NORMAL — Switching from face-to-face instruction to teaching college courses online in mid-semester is a bit like building a tent city after a disaster, says an Illinois State University professor.
“Although I would like to build a lovely two-story home to shelter my students, I only have the tools and resources to maybe build a one-story bungalow,” said Corinne Zimmerman, who teaches psychology at the university. “Others may only have the tools and resources to build tents. And sometimes, given the circumstances, a tent is just fine in the short run.”
In this case, the “disaster” is the coronavirus pandemic and it isn’t over. But ISU, Illinois Wesleyan University and Heartland Community College, among other institutions, are trying to work through it by moving classes online, starting Monday.
Zimmerman explained that it’s part of a concept in cognitive psychology called “satisficing.”
“Essentially, we sometimes have to make decisions that are ‘good enough’ rather than ideal or optimal,” she said.
In an attempt to move “good enough” as close to ideal as possible, schools such as ISU, IWU and Heartland extended their spring breaks to give faculty time to switch their classes from face-to-face to distance learning.
ISU’s Center for Teaching, Learning and Technology has worked on several fronts to ease the transition.
Similarly, Teaching and Learning Services at IWU is providing training and online teaching assistance to its faculty. IWU also has put together an online guide to remote teaching resources.
Using the ISU's learning management system, called ReggieNet, CTLT set up a special page, like an online class, said Claire Lamonica, the center's director. It provides faculty with discussion forums; online teaching support; the ability to sign up for individual consultations; and a place to share successful practices, joys and challenges.
Lamonica said the center also reached out to faculty who already had rigorous training and experience with designing and teaching online courses, seeking their help. Forty-five people responded.
Zimmerman is among those serving as a mentor.
“I have already consulted with two assistant professors who are in their second semester of teaching. One’s first year of teaching is already difficult, so I really feel for the new faculty on campus,” said Zimmerman.
The timing of the change is among the challenges.
Roth Smith, an assistant professor in the School of Communication, said, “If I designed an online course from the ground up, it would look quite different from the version that I have converted to mid-semester.”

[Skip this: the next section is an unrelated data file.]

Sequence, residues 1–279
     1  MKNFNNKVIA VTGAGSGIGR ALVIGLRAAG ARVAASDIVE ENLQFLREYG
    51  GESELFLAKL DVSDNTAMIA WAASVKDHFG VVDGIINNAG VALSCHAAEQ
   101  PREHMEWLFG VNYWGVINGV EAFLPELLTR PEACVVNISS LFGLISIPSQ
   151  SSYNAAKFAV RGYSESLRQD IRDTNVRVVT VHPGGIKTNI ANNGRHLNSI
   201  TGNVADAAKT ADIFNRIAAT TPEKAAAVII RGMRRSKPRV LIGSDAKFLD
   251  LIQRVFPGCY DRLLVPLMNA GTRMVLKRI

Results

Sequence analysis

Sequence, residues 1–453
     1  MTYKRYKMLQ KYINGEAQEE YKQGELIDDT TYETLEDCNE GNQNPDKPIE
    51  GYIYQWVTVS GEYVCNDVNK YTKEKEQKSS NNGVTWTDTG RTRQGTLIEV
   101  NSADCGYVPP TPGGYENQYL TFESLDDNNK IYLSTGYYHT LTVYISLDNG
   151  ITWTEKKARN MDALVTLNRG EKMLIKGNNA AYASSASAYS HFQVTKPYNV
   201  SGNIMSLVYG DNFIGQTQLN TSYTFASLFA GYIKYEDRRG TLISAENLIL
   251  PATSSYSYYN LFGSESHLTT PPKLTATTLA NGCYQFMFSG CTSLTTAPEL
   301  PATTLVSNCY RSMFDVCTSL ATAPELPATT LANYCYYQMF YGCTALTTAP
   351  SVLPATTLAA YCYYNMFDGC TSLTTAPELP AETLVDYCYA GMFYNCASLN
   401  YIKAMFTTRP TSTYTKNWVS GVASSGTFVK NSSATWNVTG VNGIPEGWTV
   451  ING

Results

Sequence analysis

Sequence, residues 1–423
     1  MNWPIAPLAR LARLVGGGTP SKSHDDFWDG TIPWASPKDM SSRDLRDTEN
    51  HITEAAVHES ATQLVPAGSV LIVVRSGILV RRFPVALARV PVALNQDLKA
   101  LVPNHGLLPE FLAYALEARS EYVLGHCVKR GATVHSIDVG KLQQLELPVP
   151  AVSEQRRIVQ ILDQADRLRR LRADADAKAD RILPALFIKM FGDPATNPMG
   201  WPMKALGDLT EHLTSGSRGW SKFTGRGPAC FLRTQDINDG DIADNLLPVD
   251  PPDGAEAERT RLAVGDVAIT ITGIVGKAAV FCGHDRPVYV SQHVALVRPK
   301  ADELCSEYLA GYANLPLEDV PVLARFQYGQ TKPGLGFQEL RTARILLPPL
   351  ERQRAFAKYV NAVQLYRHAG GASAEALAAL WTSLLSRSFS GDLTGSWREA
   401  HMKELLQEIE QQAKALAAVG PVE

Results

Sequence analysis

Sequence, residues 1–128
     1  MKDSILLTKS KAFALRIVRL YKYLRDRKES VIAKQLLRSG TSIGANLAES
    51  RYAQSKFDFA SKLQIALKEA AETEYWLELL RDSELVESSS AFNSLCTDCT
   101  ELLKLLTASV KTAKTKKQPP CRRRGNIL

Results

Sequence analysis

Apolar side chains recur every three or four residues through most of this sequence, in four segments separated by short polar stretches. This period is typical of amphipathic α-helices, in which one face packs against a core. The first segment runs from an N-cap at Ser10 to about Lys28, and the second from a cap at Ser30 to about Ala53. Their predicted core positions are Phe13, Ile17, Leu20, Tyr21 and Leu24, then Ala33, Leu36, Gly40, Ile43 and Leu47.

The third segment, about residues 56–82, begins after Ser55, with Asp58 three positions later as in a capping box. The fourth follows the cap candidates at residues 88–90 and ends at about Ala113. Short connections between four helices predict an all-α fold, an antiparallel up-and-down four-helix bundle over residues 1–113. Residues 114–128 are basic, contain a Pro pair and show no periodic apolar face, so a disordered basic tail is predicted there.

He said, “I am at a point in the semester where student teams would ordinarily present their projects during the class session,” which will require adjustment.
“Both professors and students are having to make adjustments,” Smith said.
Morgan McKee, a freshman communication major from Champaign, has never taken an online course before.
“It’s something I’ll adjust to,” she said, while packing her belongings and moving out of Watterson Towers.
But Laney Bennett, a freshman in English from Rockford, was less enthusiastic.
“If I wanted online classes, I would have signed up for them,” she said.
Dylan Hummel, a junior majoring in finance, has started a change.org petition asking ISU President Larry Dietz to give students the option of pass/fail grading "during this unprecedented pandemic."
More than 4,000 people have signed the petition.
Meanwhile, the switch to online instruction is proceeding.
Lamonica said, “This has been such a community effort.”
Faculty are reaching out to one another and displaying a “can-do spirit,” she said.
The university has paid for expanded access to Zoom, basically an online video conference call platform. Zoom allows faculty to show PowerPoint presentations and videos, put students into small discussion groups then bring them back together, said Lamonica.
“People will take a lot of different approaches to this,” she said.
Some may treat the remainder of the semester like an email correspondence course. Others might post videos of their lectures online. Many will take a more interactive approach, she said.
But the challenges go beyond the delivery of the course material itself.
“Going online also raises questions and concerns about preserving the rigor of online testing and upholding academic integrity while also keeping the course accessible to everyone,” said Smith.
“As professors, I think we should keep in mind that our students may be facing a number of struggles that affect their ability to complete their coursework,” he said.
Those struggles may include looking for alternative housing, losing their jobs and dealing with slow internet at home or limited data plans.
Zimmerman said, even as an experienced online teacher, converting her face-to-face course to online delivery is not going to be ideal.
“I also feel for my students and I hope I can give them my best effort,” she said.
Reassuring faculty is part of CTLT’s mission.
Lamonica said her message to faculty is, “What you’re doing is going to be good enough. Your students are going to be learning.”
Smith said, “Overall, giving each other – professors, colleagues, staff, students – a little more leeway and expecting that everyone is trying their best in this time will go a long way to making the semester a success.”
Contact Lenore Sobota at (309) 820-3240. Follow her on Twitter: @Pg_Sobota
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